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Furniture includes desks and chairs and is extremely important within DSE, it forms the entire workstation set up.

If space allows, try a document holder so that you can avoid awkward neck and eye movements.

The chair position should provide support for the lower back, forearms and should be horizontal, wrists should be straight with eyes at the same level as the top of the monitor. Your feet should be flat on the floor (use a footrest for shorter users) and avoid any pressure to the backs of legs and knees.

Furniture is covered by section five of the HSE DSE Checklist (point to this page) let’s review the question is asks;

1. Is the work surface large enough for all the necessary equipment, papers etc.? Often desks can become covered in folders, paperwork and other equipment such as printers. We need to ensure that there is adequate space available. Consider moving unnecessary items off the desk to create more room. You may have been to ask your employer to consider providing new power and telecoms sockets so that the equipment can be moved.

2. Can the user comfortably reach all the equipment and papers they need to use it? Your workstation may need to be rearranged so that you can easily reach the papers and equipment that is needed.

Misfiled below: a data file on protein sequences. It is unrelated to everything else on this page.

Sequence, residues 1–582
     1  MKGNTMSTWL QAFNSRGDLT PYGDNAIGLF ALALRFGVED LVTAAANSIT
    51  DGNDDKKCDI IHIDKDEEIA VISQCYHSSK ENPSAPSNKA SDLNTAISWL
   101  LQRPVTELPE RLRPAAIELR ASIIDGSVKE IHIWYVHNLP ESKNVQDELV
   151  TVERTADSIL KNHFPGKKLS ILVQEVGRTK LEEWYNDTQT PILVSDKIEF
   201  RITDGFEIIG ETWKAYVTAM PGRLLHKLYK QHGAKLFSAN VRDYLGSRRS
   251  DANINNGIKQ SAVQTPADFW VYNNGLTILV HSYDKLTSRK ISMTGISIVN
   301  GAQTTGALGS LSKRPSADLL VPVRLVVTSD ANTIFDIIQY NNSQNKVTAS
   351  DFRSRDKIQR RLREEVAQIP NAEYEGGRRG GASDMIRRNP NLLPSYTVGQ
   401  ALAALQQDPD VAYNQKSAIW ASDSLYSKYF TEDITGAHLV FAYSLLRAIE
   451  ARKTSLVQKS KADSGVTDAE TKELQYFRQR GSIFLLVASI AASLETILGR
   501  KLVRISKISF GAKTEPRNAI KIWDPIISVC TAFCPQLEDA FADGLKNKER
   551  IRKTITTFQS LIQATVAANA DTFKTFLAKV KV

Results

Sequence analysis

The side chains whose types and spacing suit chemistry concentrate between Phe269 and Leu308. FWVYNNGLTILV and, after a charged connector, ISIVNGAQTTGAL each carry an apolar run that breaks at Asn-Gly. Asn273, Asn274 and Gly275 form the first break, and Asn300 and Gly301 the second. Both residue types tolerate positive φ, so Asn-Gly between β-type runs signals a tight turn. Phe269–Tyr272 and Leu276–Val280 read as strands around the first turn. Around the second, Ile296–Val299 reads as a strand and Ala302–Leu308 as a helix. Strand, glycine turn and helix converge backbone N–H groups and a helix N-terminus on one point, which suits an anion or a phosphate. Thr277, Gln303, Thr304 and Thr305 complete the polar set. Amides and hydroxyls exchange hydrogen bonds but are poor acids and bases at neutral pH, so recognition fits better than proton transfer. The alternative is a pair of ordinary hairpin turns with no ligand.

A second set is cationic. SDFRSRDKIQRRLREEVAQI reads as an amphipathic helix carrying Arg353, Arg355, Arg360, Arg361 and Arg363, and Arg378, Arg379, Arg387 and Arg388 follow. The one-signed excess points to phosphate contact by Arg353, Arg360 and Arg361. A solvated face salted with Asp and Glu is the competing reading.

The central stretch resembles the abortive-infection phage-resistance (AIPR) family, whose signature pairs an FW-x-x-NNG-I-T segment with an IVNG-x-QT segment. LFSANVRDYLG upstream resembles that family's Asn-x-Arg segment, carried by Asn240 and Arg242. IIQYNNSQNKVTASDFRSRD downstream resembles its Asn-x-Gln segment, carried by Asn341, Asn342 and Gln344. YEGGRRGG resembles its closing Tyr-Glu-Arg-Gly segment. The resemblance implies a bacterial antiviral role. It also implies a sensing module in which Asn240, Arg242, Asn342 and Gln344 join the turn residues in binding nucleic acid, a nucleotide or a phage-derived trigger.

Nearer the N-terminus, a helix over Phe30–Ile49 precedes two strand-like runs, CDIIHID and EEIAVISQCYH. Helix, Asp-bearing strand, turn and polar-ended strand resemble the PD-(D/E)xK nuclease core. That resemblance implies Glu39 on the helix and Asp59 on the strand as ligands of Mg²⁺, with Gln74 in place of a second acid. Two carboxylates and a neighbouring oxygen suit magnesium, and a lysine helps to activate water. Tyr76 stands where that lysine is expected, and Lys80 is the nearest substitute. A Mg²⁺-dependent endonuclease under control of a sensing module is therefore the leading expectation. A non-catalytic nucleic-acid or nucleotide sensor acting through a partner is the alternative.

Consider a document holder for paperwork, this will minimise movement of your neck, eyes and head to read documents.

3. Are the surfaces free from glare and reflection? The surface needs to be of good quality and reflection and glare-free. Mats can be used to reduced glare and reflections.

4. Is the chair suitable? And stable? Does the chair have a working; seat back height and tilt adjustment? Seat height adjustment? Castors or glides? If any of the chairs become unstable or unsuitable in any way then this chair needs either to be repaired or replaced.

5. Is the chair adjusted correctly? A suitable position needs to be found by on the chair, the position should support good overall body posture. Work should be completed by the user in a comfortable position but often training is required (such as this eLearning session) on how to do this.
Often office chairs come with arms if this is the case ensure that this doesn’t stop the user from getting too close to the desk and can cause overstretching of the body. We need to ensure that this is not the case.

6. Is the small of the back supported by the chair’s backrest? When sitting on a chair the back should be straight and supported by the chair, also consider your shoulders, these should be reflexed with your arms on the desk to reduce weight.

7. Are the forearms horizontal and eyes are roughly the same height of the top of the screen? Adjust the height of your chair to get the arms in the right position of support on the desk but that your eyes are level with the top of the screen. It may mean that adjustments may also be required for the desk and the monitors.

8. Are feet flat on the floor, without too much pressure from the seat on the backs of the legs?
Feet should always be flat on the floor if this is not possible then consider using a footrest.